In the early days of Blur you wrote a lot of character-based songs, and in Gorillaz you were literally playing a character. Did you find it difficult to shift into this more personal mode of songwriting?
Actually, a lot of Gorillaz songs were very personal. I mean, that's why it was interesting, because it wasn't music being made for a cartoon. It was something different. It was a much more emotional affair. I wasn't necessarily thinking in the third-person then.
I will grant you, though, that back in the Modern Life Is Rubbish, Parklife, and The Great Escape [era], I was singing in the third-person. But I sort of stopped after that. I mean, Parklife is a third-person song - although, mind you, I was running in a park recently and someone recognised me and started singing the lyrics: "You joggers who go round and round and round..."
What are the significance of some of the field recordings on this record? Were you actually going to places where you had lived and recorded?
Yeah, for example, the beginning of Hollow Ponds, that's a recording of the playground of the small school I went to in Leytonstone, as it is now. It's funny, David Bailey was taking my photo this morning, and we were talking about the fact that we both come from Leytonstone, along with Alfred Hitchcock and David Beckham.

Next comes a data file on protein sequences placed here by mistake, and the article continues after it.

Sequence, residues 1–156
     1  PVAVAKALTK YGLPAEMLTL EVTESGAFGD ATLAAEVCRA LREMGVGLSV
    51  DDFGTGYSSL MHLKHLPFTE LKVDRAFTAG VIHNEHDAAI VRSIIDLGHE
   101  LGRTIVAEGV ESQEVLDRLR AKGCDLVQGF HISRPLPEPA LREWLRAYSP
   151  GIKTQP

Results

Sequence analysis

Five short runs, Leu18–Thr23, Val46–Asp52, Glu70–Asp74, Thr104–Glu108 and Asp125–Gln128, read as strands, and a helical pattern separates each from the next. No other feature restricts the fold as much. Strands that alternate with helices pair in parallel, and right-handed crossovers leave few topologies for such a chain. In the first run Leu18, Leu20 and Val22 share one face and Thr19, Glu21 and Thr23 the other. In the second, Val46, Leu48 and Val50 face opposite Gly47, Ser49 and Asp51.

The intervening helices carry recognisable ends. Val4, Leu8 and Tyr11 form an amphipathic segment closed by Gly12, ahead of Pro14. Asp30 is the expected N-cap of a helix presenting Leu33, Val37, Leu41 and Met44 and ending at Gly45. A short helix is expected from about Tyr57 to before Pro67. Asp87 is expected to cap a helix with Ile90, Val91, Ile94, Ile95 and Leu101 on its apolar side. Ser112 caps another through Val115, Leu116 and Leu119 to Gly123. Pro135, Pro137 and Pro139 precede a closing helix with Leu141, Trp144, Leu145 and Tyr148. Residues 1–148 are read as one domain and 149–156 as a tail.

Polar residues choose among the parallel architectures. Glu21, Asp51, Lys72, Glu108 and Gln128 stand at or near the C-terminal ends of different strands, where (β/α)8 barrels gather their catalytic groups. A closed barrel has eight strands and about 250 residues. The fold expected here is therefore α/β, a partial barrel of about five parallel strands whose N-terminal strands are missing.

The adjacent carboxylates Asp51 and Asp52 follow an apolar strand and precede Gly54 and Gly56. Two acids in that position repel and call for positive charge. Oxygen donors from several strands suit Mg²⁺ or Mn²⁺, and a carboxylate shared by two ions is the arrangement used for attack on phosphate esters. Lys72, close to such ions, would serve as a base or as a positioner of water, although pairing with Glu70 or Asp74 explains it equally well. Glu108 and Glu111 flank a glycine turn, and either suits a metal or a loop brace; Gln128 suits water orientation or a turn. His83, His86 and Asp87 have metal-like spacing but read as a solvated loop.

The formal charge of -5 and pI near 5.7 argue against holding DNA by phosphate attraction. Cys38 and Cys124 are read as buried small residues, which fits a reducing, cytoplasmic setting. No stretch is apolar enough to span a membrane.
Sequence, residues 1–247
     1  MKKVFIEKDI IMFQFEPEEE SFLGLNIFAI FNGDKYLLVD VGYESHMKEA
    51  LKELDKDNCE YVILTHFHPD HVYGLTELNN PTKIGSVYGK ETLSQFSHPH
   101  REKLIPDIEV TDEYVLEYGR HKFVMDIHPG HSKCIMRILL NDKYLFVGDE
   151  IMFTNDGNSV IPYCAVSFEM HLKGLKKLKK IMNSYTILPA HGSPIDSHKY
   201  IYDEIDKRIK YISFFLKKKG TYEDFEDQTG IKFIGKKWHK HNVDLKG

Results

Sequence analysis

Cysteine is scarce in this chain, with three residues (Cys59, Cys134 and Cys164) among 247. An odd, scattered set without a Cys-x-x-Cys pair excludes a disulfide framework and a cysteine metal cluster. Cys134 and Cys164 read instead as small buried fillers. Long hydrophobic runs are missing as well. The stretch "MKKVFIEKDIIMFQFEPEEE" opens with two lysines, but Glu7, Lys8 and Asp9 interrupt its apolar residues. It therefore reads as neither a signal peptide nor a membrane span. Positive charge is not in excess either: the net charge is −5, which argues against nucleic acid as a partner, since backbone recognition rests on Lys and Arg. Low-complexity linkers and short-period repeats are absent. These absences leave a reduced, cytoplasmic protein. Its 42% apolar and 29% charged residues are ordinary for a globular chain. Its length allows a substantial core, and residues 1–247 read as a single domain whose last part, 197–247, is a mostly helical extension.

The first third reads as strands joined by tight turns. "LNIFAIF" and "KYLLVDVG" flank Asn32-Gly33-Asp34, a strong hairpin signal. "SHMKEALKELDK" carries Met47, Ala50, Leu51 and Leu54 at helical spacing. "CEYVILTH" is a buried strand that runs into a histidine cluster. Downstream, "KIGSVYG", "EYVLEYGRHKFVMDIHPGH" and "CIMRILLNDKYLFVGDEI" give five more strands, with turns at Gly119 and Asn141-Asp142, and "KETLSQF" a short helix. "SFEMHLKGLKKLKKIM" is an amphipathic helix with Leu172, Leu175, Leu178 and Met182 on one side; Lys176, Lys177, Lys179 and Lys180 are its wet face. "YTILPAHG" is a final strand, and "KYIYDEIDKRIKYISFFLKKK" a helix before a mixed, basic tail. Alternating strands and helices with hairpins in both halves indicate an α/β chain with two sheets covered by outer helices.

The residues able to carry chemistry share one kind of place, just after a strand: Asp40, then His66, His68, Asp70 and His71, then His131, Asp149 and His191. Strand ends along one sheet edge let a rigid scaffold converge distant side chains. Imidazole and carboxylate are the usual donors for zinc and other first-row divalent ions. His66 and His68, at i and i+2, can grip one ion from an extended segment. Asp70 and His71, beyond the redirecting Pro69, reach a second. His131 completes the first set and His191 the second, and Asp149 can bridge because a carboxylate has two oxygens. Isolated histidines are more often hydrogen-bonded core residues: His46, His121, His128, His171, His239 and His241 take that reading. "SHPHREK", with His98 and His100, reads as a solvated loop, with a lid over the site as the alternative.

Did the choir you used on the record have any significance to you?
They were from the church at the end of my road as a kid, which was really special to me. I used to stand outside it on Sundays, but I never felt like I could go in. There were really high stairs and it had a big gate. I went back a couple of years ago, though, and they were really nice people. So I thought if there was a place on this record, it would be a really lovely thing to contact them and see if they'd join me.
They sing on the song Mr. Tembo, and it was perfect because the song is about this little elephant I met in Tanzania, who was being brought up by very religious men. They watch a lot of gospel on television in Tanzania, so this elephant has grown up with a daily dose of gospel TV before bedtime. So it was originally my song for him; if he ever hears [the song], I figure he might sort of warm to its gospel flavour.
Many of the album's lyrics explore your relationship to technology. You're critical of it in some ways, but you're implicating yourself, too.